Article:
Auto makers are under enormous pressure to reduce the world's dependence on oil and cut carbon-dioxide emissions. But it sure looks like we're reaching the limit of what they can do.
Now it's up to others to put the infrastructure in place to make it all happen. But who will do it?
Whether you're talking about charging stations for electric vehicles or compressed natural gas stations for cars running on CNG, biofuels or hydrogen, auto makers are not the ones that can make this happen. Big Oil is not going to have much of a role to play, either.
The government? Ha! Every U.S. city, municipality, county and state is broke. So is the federal government. Sure, they might be able to help with tax incentives here and there, and possibly even fund some small-scale demonstration projects. But that's not going to be enough.
It's going to take tens of billions of dollars to put the proper kind of national infrastructure in place. But no such large-scale investment will take place until we determine which energy source we're going to commit to. And we still haven't done that.
Worse yet, the price of oil still is relatively low, meaning none of the alternatives are price- competitive yet. We have to wait for another price spike before we're goaded into action.
The electric utilities tell us they have plenty of capacity to accommodate millions of plug-ins and electric vehicles. But where are these vehicles going to plug in?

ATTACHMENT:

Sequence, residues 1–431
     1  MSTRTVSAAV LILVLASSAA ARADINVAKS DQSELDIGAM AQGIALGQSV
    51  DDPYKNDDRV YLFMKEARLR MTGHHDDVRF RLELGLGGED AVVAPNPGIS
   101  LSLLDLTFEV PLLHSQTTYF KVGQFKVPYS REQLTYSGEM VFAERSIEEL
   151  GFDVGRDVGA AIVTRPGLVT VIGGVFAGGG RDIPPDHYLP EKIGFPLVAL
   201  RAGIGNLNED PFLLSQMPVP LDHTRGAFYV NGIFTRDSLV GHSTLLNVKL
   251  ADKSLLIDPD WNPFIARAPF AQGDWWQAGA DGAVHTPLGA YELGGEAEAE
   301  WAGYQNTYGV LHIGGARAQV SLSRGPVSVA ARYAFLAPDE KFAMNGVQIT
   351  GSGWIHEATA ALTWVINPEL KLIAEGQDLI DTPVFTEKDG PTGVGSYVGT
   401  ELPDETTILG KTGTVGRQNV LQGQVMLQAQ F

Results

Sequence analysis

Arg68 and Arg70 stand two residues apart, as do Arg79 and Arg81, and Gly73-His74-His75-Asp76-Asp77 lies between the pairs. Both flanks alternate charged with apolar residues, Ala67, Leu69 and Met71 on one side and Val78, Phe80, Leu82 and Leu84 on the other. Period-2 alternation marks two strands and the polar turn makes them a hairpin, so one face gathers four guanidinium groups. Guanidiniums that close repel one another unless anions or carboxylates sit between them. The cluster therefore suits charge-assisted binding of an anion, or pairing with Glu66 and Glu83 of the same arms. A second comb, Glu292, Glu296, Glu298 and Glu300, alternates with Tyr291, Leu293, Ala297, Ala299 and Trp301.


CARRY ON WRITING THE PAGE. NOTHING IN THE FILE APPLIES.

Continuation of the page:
Most EV owners definitely will want a 220-V outlet, so most garages would have to be rewired to accommodate easy access for plugging in every night. And charging stations would have to be located in apartment complexes, condominiums, work places and shopping centers.
Will the electric utilities pay for these installations? Maybe. But even if they do, when are they going to get started?
T. Boone Pickens says he can give us all the CNG we need. But when I test drove a CNG Honda Civic last year, I discovered the nearest CNG station was 20 miles (32 km) away. I guess all we have to do is convince more gas station owners to invest in installing this equipment. But they're not going to make that investment until they see a bunch of CNG cars on the road.
The same goes for hydrogen. It's a chicken-and-egg situation. No one is going to buy vehicles powered by hydrogen fuel cells until they know where they can fill up with hydrogen. And no one's going to build hydrogen filling stations until they know there's going to be a bunch of fuel-cell cars on the road.
Auto makers have the know-how and the technology to make just about any kind of alternative vehicle. But they cannot put the infrastructure in place to make these vehicles attractive and affordable.
Someone else must make the massive investment to make alternative-fuel vehicles a legitimate option for consumers. Who is going to do it, and when?
John McElroy is editorial director of Blue Sky Productions and producer of “Autoline” for WTVS-Channel 56, Detroit and “Autoline Daily” the online video newscast.